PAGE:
By Jayla Stack ’21
In April of 2019, the Hong Kong government introduced the Extradition Bill, which permitted Hong Kong to extradite people suspected of criminal activity by Chinese authorities from Hong Kong to mainland China. Since its passing, the Extradition Bill has sparked a movement of pro-democracy protests in Hong Kong.
Currently, Hong Kong is under the control of the Republic of China. In 1842, China ceded Hong Kong to Britain after the First Opium War. During that time, Hong Kong was ruled as a British Colony. After over 150 years of British control, Hong Kong was transferred back to Chinese control. Now, Hong Kong is a semi-autonomous territory of Mainland China.
The principle in which Hong Kong is ruled under is referred to as “One country, two systems.” According to The New York Times, this system allows partial autonomy and is “guaranteed under a mini-constitution known as the Basic Law” that ends in 2047. However, this system has led to an uncertain government for those living in Hong Kong.
The Extradition Bill, introduced in April, was passed by the Hong Kong government under the pressure of Mainland China. This allowed the Hong Kong government to extradite criminal suspects from Hong Kong to China, meaning that Hong Kong criminals will be handed over to the jurisdiction of China. According to Vice News, “many residents saw the bill as Beijing’s attempt to tighten its grip on the semi-autonomous city.” With the Extradition Bill in place, Hong Kong residents feared that it would be used to target political activists and journalists and expose them to unfair treatment.
Citizens of Hong Kong followed the passing of the Extradition Bill with protests. These protests led in turn to violent confrontations with the police. Soon after, the Extradition Bill was partially withdrawn. However, protests are continuing and the people of Hong Kong are now pressing for the government to meet their demands regarding the bill. Vice News notes these demands include “officially withdrawing the bill and launching an independent investigation to examine the police’s use of force.”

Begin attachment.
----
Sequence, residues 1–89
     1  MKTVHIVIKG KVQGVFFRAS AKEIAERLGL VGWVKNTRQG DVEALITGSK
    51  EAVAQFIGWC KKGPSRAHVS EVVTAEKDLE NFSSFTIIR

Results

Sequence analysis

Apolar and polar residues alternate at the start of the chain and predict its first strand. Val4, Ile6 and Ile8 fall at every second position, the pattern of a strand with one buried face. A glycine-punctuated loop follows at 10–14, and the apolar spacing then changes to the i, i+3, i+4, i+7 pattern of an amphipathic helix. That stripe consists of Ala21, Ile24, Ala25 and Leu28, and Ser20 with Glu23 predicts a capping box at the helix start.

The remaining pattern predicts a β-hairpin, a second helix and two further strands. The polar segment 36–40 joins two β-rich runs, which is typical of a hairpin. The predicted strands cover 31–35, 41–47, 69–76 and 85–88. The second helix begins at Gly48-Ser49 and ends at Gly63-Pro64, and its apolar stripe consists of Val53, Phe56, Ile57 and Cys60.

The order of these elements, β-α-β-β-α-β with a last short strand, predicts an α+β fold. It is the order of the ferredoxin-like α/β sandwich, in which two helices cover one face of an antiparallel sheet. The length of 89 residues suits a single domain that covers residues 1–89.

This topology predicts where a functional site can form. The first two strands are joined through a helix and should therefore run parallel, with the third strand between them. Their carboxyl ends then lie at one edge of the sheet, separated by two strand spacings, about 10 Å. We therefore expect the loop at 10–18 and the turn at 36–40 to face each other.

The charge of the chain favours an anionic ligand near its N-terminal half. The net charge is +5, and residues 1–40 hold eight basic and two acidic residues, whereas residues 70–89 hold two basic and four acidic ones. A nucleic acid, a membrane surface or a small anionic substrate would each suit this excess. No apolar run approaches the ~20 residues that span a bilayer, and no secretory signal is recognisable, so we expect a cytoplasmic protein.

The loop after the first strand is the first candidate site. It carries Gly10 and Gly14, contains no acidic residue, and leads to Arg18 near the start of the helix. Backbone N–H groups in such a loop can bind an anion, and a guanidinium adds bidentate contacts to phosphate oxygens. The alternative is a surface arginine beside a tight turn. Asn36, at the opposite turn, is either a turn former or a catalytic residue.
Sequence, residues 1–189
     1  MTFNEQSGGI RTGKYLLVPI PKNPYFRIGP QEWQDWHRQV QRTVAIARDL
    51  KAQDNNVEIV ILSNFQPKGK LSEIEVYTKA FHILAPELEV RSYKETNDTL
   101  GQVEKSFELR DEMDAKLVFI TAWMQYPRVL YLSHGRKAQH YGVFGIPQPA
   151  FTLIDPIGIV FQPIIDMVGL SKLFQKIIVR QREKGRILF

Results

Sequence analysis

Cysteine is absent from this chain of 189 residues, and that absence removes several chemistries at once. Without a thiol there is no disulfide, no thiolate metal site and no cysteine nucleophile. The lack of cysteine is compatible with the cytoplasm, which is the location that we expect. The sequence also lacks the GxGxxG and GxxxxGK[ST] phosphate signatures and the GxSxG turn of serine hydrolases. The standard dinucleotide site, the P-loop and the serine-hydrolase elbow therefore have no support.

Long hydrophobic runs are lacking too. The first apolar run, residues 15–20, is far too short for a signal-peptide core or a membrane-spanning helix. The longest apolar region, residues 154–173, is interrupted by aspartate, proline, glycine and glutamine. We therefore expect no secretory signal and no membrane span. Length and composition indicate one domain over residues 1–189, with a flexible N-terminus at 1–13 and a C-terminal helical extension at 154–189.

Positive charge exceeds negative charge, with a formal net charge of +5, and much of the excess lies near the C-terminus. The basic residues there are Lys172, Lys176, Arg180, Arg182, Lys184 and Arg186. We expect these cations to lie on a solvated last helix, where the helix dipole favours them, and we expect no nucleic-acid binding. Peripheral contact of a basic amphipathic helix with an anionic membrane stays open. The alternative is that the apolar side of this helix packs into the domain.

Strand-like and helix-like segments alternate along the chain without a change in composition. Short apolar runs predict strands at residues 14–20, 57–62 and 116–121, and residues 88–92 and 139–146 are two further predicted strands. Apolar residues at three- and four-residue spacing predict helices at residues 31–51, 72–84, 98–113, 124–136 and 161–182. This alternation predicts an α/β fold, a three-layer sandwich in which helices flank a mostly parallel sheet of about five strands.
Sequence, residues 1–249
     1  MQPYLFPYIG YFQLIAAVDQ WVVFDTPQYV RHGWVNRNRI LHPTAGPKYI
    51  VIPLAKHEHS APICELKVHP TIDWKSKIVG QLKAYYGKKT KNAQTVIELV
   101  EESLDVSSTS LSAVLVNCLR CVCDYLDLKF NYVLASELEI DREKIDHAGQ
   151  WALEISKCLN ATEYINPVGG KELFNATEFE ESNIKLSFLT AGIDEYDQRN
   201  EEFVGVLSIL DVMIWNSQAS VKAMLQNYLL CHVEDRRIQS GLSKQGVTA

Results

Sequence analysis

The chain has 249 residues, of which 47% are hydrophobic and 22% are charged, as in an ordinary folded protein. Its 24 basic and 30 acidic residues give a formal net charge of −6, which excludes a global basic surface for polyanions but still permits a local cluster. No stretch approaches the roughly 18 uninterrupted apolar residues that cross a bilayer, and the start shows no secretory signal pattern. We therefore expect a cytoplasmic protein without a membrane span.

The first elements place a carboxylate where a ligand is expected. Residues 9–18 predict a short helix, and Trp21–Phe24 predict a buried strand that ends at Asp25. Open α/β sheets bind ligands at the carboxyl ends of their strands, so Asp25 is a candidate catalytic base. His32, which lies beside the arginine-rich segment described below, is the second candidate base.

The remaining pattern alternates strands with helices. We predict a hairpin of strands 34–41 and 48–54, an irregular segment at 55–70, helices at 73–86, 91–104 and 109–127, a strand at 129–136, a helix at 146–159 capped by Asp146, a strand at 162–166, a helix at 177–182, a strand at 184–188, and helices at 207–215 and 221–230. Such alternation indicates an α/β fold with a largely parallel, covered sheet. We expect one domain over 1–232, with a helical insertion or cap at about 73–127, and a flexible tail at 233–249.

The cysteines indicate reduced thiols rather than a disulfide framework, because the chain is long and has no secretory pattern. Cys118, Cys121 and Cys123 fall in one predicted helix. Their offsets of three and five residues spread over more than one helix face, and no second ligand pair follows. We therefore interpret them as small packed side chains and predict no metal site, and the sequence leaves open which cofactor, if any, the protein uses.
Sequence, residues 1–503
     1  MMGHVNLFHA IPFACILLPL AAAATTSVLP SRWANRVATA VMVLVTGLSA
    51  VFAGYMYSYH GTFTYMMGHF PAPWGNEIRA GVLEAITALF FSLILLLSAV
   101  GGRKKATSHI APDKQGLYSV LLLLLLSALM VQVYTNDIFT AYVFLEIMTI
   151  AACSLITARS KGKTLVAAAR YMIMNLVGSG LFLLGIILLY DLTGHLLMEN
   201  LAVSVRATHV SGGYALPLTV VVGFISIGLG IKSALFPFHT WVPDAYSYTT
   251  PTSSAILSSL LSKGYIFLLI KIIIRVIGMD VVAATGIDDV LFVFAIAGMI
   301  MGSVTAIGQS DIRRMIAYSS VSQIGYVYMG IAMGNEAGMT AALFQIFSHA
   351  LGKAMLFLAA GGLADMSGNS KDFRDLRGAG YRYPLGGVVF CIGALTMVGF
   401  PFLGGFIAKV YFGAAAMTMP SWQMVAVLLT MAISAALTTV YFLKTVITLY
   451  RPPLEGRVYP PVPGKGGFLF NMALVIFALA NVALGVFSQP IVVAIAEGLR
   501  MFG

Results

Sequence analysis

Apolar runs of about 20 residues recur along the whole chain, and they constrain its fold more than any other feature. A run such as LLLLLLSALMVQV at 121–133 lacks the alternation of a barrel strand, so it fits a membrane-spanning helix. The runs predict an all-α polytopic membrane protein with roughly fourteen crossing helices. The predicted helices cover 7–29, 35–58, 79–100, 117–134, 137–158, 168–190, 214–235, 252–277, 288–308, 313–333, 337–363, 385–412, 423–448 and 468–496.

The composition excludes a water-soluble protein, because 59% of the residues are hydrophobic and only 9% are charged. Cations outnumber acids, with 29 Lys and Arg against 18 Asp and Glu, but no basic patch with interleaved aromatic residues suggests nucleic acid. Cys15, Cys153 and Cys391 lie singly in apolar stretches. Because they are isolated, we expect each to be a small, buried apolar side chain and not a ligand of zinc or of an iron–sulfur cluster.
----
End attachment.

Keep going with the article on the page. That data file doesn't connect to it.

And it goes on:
The Extradition Bill has started a movement of pro-democracy protests in Hong Kong similar to the Umbrella Movement in 2014, a prior pro-democracy movement in Hong Kong. Also, parallel to the Umbrella Movement, the recent protests have been growing in brutality. These protests have involved many clashes with the police and a number of protesters getting arrested.
Ethan Chan ’21, a Gunnery student from Hong Kong, was in Hong Kong during the summer while the protests were starting to simmer. Close friends of Ethan attended protests and witnessed extreme violence and police brutality. Ethan says that recent protests are continuing to escalate and there have been “some deaths. Many, many injuries. Some teenagers got shot a few weeks back. We [also] had a group stabbing a couple of months back.” Recent protests also often end with fires and teargas.
Chinese Student, Maggie Wu ’22, was visiting Hong Kong this summer to enjoy a shopping trip by herself when she was caught up in a protest. Maggie saw hundreds of people marching in protest with large signs, all while she was shopping in a Hong Kong mall.
Maggie says that the protesters were dressed in black outfits and black masks to hide their identities because “people do not want to have their faces seen by the police.” The group marched in lines and shouted for their independence.
Protests end with a lot of destruction. Maggie accounts that as more people rushed in, shops began to close in fear of what would happen next. Maggie Wu was also scared that she might be dragged into a violent situation; she left the area as soon as possible.
When speaking about the brutality of the protests, Ethan Chan says, “it comes as a huge shock to the people of HK because of how safe the city has been in years prior.”
Ethan says, “the excessive violence of these protests is crippling Hong Kong to the point where they do far more harm than good.” The entire community of Hong Kong has been affected by these protests.
Ethan states that “Nobody really goes out anymore. Any small-time restaurants or street vendors are out of luck. They managed to completely shut down HK’s underground subway system, which we really can’t survive without. While my family lives in an apartment complex on a mountain away from most of the action, I have many friends who have been directly affected by the protests, to the point where the police and protesters would be fighting outside their front doors.”
Police brutality against Hong Kong protesters has only fueled them to continue fighting for their cause: an independent democracy for Hong Kong. The people of Hong Kong want complete sovereignty and they are prepared to protest for it by any means. But will all this brutality even end with Hong Kong’s autonomy? Additionally, even if Hong Kong gains independence, will they be able to survive completely independent from China after this violent split?